Dress: The designs of the dresses were derived from the directoire period. It was one of the courtier designs during the French Empire era, Which was presented by Napoleon’s wife (Josephine). This design was including two dresses:

 

Petticoat

 

Major Dress

 

Petticoat: From embroidered blue stain with puffy short sleeves and the tail on the back and was hung from the waist.

 

Major Dress: From a silver woven silk fabric with tight long sleeves a long tail that was thrown on the left hand of wearer.

 

Both of the layers had an open square neck on the front and had lace standing collars at the back.

 

The style was similar to the decollete at Mary Antoinette era but the two corrers of the low neck were more open, at the front.

 

Both of the collars, mostly the major dress, were embellished.

 

In the early 19th, women used to wear a ruffled collar which was called “Betsy” in England and “Churros” in France. It was a separate collar that was placed around the neck and on the shoulders.

 

Corset: Bandeau that was specialized for holding breasts and was tied under the bosom, turned into a corset which was slightly tight and fitted on the waist line.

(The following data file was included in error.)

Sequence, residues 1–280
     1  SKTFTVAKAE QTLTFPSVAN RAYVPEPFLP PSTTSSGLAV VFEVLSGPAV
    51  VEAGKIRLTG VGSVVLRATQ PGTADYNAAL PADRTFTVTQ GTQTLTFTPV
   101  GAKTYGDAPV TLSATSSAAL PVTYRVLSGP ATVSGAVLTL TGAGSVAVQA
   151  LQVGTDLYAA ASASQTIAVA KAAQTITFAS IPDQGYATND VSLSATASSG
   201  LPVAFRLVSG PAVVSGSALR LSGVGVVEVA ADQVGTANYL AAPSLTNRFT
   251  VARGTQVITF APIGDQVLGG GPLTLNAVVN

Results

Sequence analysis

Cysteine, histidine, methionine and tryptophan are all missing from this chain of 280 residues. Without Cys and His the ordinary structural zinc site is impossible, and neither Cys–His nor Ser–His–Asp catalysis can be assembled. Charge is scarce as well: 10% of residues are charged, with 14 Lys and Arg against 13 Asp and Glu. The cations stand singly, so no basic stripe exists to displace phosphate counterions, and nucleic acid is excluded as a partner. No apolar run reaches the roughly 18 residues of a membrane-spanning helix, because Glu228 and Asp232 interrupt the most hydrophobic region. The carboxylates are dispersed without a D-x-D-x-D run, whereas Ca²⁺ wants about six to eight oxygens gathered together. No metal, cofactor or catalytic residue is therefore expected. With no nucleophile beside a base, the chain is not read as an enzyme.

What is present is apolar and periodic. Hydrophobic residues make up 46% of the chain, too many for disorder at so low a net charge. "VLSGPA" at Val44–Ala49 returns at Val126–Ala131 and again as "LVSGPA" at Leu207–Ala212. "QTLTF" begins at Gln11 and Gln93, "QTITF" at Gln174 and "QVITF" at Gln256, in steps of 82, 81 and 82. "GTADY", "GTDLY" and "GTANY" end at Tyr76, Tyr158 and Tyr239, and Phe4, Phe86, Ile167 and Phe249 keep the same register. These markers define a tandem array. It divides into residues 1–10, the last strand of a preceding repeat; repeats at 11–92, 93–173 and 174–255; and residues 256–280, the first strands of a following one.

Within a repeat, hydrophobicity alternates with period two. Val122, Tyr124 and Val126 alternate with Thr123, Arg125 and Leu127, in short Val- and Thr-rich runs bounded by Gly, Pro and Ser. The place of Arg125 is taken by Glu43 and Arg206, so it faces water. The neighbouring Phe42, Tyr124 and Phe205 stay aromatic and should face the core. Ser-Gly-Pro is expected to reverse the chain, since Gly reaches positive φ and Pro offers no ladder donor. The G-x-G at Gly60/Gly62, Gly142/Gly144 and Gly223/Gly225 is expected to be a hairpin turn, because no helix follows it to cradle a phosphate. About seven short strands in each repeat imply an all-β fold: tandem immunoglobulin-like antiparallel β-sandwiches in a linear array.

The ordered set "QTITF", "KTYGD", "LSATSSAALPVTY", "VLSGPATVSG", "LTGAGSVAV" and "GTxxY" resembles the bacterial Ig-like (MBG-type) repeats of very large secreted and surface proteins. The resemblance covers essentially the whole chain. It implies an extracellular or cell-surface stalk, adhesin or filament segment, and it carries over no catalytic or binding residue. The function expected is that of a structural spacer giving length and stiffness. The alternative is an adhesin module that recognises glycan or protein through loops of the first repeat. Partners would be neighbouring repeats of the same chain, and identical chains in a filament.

Coat: One type of coat was called “spencer”.

 

It was a short bust-length coat with long tight sleeves and a standing collar the front of the coat was open.

 

The other type was called “Canezou”. It was an open-bottom that was worn from the top and became tight and fitted on the waist.

 

Shawl: Shawl was one of the most important and luxurious parts of clothing.

 

It was made from high-quality cashmere and silk and had embroidered margins with Egyptian Fimbria.

 

Pantalettes: With the immersion of thin dresses, pantalettes necessity became more significant.

 

Jaconet culottes and bloomers with folded or lace margins were designed.

 

Hat: A type of Turban hat from brocade, satin, and velvet and was in different forms and sizes. Bonnet was fastened under the chin with strings.

 

Shoes: The shoes were flat with a short surface.

 

They were made of leather or cloth. A ribbon was attached to the back of the shoe that was meant to cross and tie around the wearer’s ankle.